They loved him indoors. They hated him outdoors.
Blossoming Republican star Wisconsin Gov. Scott Walker has that polarizing effect on people.
About 300 people — including a large number of union workers — picketed outside the downtown Seattle Sheraton late Thursday afternoon to protest Walker speaking at the Washington Policy Center's annual fundraising dinner. The center is a conservative-learning Seattle-based think tank. Another rising conservative political star, neurosurgeon Ben Carson also spoke, but eluded the protestors' radar.
Walker, very conservative on social issues such as abortion and gay marriage, became Wisconsin's governor in 2011, and tried to cut education spending there. He sparked national controversy when he pushed through legislation to cut most state union contracts to one year in duration, dramatically increased workers' contributions to pensions and health insurance, and removed most collective bargaining rights except for wages. That led to a recall election in 2012, which he won by a 53 percent to 46 percent margin, a smidgen better than his showing in the 2010 election. Walker said that an NBC exit poll on the recall vote showed he received support from 40 percent of Wisconsin's union households.
"Scott Walker is the most consequential governor of any state in the 21st century," said former Republican U.S. Sen. Slade Gorton when he introduced Walker to roughly 1,200 people at the Washington Policy Center dinner. Another 600 attended a similar dinner in Spokane, which was linked by video to the Seattle event.
The picketers included Seattle Mayor Mike McGinn, his mayoral challenger state Sen. Ed Murray and King County Executive Dow Constantine.
"We had huge budget cuts like Gov. Walker. But we sat down with our unions. We didn't attack them," McGinn said. Murray said, "Scott Walker's ideas are dead in Washington state, and they're dead in Seattle."
Picketer Uly Ruiz, a Boeing machinist from Mukilteo speculated that Walker is using the Seattle stopover on his way to a trade conference in Tokyo to lay groundwork for a possible future run for a national office.
David Freiboth, executive secretary of the King County Labor Council, contended the Washington Policy Center crowd represented a minority among Washington's voters. "They're probably having a little fun at our (the protestors') expense," he said of the dinner guests passing the picketers.
Gorton told the crowd awaiting Walker's speech, "The picketers you ran into tonight is the reaction of losers."
Besides Gorton, major politicians at the dinner included former Republican Gov. Dan Evans; Democratic Lt. Gov. Brad Owen; Washington Senate Majority Coalition Caucus Leader Rodney Tom, D-Medina; and Senate Republican Caucus Leader Mark Schoesler, R- Ritzville. Republican former U.S. Rep. George Nethercutt attended the Spokane dinner.
Walker did not talk much about specific policy details, and how they could relate to Washington and the rest of the nation. Instead, he gave mostly a general pep talk punctuated frequently by applause. "Real reform happens in the states. ... We have to reclaim our country one state at a time," Walker said, without elaborating on what needs to be reclaimed.
Walker cited his Wisconsin record in that unemployment dropped from 9.2 percent to 6.8 percent during his term (A Wisconsin paper's PolitFact analysis in June critiqued his unemployment boasts as "mostly false.) And he touted the replacement of seniority with merit in how Wisconsin teachers are laid off. He blasted the idea of more people are getting on Medicaid; in fact, he rejected Medicaid expansion for Wisconsin. "I asked: 'Why is having more people on Medicaid a good thing?' " Walker said.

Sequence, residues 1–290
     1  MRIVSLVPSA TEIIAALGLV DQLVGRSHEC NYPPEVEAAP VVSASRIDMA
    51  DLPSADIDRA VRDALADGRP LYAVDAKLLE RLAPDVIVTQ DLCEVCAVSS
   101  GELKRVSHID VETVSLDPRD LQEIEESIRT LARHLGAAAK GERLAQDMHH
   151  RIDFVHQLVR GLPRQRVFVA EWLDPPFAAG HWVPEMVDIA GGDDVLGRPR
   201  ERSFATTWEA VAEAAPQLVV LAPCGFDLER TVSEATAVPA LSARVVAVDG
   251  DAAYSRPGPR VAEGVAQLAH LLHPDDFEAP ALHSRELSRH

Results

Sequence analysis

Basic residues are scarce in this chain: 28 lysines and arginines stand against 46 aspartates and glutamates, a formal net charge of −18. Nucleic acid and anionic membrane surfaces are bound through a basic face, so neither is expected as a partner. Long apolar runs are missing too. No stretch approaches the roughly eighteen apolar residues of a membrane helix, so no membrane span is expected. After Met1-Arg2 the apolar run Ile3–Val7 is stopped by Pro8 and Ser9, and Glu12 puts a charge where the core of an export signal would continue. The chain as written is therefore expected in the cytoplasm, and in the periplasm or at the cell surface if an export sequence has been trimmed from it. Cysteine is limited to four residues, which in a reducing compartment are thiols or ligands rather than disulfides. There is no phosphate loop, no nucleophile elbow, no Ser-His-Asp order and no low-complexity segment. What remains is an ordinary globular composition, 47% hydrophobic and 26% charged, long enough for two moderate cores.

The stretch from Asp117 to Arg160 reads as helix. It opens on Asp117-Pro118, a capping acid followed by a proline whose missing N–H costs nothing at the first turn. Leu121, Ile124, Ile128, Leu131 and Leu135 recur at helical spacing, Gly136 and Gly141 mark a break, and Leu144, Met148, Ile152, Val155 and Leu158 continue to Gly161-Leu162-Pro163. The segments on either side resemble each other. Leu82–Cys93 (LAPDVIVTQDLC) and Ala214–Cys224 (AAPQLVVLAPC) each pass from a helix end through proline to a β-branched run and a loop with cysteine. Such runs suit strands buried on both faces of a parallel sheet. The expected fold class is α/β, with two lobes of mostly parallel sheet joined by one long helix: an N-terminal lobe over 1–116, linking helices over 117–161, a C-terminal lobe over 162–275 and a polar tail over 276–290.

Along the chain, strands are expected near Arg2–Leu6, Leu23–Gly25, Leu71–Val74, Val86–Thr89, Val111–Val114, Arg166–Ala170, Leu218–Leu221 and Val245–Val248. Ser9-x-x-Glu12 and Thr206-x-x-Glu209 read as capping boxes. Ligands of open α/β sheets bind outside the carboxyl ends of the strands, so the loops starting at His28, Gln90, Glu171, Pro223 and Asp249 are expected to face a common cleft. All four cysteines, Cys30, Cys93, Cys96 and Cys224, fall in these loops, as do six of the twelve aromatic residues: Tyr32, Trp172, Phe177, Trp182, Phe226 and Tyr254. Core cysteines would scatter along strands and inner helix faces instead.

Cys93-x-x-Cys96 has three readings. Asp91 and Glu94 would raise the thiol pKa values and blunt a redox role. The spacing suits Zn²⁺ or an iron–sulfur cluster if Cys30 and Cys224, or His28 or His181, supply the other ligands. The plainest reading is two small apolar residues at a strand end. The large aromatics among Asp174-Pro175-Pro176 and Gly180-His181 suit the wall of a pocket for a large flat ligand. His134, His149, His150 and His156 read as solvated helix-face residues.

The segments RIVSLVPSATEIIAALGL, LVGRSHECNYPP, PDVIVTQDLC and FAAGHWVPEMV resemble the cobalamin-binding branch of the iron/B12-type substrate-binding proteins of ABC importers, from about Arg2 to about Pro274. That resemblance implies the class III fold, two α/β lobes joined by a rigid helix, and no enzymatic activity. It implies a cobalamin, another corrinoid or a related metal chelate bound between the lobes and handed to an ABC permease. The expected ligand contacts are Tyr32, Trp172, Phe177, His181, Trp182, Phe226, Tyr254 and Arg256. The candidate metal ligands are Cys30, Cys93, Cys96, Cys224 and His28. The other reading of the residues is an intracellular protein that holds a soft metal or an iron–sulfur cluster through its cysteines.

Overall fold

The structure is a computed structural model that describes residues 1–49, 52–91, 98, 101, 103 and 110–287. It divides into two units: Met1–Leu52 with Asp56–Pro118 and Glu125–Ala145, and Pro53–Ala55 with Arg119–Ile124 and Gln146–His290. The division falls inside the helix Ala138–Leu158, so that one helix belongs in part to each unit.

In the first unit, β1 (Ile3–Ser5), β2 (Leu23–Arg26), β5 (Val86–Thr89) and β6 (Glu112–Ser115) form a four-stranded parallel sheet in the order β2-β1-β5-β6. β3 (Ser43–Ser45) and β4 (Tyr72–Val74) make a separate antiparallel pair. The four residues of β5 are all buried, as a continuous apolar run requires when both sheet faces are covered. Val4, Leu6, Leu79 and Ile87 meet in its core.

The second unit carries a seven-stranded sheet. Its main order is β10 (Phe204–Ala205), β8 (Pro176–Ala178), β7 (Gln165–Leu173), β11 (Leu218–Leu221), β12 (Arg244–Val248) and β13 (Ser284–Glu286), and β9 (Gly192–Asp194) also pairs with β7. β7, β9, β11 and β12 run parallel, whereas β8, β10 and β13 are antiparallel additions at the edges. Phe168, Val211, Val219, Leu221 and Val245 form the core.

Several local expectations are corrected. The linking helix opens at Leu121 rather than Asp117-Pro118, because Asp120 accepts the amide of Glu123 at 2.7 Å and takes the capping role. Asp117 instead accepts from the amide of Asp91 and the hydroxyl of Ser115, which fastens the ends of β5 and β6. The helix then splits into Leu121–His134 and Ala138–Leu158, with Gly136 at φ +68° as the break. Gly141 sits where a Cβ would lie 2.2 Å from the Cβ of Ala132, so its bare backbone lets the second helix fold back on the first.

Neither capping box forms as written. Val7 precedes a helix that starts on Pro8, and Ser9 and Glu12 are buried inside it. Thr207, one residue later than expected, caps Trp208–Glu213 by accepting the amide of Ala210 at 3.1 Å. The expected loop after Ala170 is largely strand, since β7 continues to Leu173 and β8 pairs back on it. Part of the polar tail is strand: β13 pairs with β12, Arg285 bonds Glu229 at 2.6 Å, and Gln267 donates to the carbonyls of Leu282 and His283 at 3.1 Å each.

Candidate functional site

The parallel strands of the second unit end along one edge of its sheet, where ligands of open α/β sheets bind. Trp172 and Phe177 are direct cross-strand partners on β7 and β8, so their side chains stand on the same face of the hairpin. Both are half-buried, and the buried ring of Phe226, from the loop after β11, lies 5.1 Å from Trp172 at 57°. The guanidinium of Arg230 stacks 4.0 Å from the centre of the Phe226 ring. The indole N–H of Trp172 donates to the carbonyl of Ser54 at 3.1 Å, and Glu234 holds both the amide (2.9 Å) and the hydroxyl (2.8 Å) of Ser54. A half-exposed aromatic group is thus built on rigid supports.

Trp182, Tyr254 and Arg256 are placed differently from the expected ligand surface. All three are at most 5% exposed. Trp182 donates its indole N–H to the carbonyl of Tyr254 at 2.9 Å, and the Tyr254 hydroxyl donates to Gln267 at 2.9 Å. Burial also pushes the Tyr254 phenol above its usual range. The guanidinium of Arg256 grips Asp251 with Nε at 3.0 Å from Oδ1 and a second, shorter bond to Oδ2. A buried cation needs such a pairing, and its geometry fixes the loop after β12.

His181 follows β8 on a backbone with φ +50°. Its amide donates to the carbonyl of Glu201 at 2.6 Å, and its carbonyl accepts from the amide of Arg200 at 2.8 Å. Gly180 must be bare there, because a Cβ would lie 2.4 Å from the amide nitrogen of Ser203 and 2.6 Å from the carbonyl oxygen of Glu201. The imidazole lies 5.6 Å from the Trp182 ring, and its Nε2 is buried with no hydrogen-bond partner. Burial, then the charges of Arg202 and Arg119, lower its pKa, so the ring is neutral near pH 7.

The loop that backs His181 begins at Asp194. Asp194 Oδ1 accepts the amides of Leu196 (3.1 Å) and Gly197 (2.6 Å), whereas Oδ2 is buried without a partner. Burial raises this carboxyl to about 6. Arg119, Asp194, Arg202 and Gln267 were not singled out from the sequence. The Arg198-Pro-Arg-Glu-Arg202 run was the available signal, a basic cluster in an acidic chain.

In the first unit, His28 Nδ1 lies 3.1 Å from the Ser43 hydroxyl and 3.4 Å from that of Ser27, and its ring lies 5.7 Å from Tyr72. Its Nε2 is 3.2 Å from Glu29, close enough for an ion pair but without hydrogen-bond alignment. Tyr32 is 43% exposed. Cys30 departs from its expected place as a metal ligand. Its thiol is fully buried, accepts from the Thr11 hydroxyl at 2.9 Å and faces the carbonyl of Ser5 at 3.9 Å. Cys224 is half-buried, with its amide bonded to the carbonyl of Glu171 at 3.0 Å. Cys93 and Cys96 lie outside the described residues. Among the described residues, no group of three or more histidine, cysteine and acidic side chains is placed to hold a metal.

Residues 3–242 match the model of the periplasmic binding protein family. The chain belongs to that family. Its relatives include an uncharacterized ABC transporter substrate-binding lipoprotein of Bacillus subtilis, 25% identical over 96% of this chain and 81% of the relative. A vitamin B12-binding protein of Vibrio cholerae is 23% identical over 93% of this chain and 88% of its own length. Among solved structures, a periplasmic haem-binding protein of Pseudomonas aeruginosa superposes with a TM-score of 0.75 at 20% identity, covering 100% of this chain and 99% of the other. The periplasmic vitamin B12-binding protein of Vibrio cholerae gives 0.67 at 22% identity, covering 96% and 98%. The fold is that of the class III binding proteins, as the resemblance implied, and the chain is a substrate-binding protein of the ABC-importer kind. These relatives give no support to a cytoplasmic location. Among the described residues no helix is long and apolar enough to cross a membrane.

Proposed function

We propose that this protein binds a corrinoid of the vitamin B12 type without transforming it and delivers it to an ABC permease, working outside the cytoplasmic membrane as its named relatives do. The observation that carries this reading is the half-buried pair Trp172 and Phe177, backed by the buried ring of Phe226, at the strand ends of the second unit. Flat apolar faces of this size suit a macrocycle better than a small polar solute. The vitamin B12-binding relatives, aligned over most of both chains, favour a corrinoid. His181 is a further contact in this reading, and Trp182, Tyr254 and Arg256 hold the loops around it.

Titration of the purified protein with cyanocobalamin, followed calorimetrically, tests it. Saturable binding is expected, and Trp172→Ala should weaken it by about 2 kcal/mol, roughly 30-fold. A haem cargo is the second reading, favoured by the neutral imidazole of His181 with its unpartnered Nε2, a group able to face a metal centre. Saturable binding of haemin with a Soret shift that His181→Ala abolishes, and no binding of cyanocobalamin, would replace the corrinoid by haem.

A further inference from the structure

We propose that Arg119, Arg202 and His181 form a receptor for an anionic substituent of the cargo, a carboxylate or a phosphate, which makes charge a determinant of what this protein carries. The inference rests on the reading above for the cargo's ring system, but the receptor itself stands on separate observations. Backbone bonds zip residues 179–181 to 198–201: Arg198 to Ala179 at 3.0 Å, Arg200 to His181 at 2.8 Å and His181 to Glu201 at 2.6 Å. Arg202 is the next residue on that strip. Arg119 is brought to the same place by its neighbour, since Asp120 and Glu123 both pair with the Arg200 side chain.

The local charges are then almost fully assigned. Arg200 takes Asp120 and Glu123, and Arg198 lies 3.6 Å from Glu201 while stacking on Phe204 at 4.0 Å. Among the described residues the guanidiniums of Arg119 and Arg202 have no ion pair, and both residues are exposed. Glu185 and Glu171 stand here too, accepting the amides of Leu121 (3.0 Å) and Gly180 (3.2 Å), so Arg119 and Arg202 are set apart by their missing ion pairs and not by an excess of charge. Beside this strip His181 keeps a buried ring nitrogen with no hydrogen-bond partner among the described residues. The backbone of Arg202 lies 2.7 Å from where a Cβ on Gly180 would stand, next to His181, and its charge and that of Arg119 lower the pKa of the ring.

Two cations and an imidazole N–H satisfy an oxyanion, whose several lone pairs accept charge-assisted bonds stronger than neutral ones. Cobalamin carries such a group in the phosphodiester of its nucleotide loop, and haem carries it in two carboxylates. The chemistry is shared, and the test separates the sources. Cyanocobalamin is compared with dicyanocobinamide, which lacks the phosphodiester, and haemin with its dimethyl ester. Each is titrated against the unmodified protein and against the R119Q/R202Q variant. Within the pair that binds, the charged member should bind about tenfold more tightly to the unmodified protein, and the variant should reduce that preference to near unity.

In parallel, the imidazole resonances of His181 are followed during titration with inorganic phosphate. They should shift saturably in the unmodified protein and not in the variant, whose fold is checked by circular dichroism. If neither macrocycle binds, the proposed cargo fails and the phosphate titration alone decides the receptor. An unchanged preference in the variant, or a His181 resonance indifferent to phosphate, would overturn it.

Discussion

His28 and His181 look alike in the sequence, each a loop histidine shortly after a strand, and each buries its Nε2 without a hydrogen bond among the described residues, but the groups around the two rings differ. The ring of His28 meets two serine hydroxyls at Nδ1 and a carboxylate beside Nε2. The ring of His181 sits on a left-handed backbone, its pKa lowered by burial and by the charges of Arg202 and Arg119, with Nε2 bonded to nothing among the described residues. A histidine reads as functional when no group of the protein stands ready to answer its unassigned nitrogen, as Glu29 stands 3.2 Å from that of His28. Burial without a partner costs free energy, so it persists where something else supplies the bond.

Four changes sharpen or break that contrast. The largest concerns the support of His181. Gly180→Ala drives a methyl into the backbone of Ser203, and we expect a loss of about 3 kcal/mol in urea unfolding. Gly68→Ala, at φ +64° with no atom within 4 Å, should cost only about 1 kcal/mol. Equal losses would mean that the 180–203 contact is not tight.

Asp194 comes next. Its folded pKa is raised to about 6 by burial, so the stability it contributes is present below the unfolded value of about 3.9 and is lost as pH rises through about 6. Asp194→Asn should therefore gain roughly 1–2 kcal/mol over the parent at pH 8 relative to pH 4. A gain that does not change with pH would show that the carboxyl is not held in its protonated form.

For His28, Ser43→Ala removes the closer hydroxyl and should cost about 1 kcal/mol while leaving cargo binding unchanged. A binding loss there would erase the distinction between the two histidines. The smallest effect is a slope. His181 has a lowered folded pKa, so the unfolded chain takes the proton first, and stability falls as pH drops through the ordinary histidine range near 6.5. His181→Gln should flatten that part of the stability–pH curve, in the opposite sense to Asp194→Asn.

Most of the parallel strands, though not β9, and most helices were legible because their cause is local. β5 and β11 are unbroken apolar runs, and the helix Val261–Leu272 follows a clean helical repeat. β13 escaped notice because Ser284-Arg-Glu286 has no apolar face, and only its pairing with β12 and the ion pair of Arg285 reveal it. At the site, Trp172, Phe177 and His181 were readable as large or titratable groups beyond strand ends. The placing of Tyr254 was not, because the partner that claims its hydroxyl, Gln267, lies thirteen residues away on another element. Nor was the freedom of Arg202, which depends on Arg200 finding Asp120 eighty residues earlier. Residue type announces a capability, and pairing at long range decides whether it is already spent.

And he pushed for stricter job-hunting requirements for people receiving food stamps.
Walker briefly touched on only one local Washington issue — an effort to raise the minimum wage in the city of SeaTac to $15 an hour, with rumblings in Seattle about exploring that same measure. Walker said he and U.S. Rep. Paul Ryan, R-Wisconsin and the GOP's vice presidential candidate in 2012, both worked at McDonald's as teens. "We didn't seek $15 an hour to do our jobs," Walker said.
Behind the scenes, Walker did talk with State Sen. Michael Baumgartner, R-Spokane, about how to push for right-to-work legislation. Baumgartner said he plans to introduce such legislation in the 2014 session in Olympia, not expecting it to go far. Baumgartner said he plans to take a page from Murray's playbook when he and Rep. Jamie Pedersen, D-Seattle, took several years to get gay marriage passed through a series of incremental steps aimed at making legislators comfortable with the idea. Baumgartner said he figures it will take three to four years to get a right-to-work law through a legislature that is greatly influenced by labor interests.
Meanwhile, Dr. Carson gave a conservative-oriented talk sprinkled with some of his political beliefs. He is a retired Johns Hopkins neurosurgeon and medical school professor who gained prominence last February with a speech at the National Prayer Breakfast attended by President Obama Barack Obama. That led to his becoming a sought-after speaker on the conservative circuit, and part of his Thursday speech mirrored what he said in February.
He cited his own pull-himself-up-by-his-bootstraps life from a poor child to a cutting-edge neurosurgeon, preaching stick-to-itiveness. Carson slammed the education system, contending middle schoolers from decades ago knew more than young people entering college today.
Carson wants a tax system in which everyone pays the same rate. And he wants third party roles greatly diminished in the health care system. And "we've gotta fight the secular-progressives who are trying to erase God from our society," he said.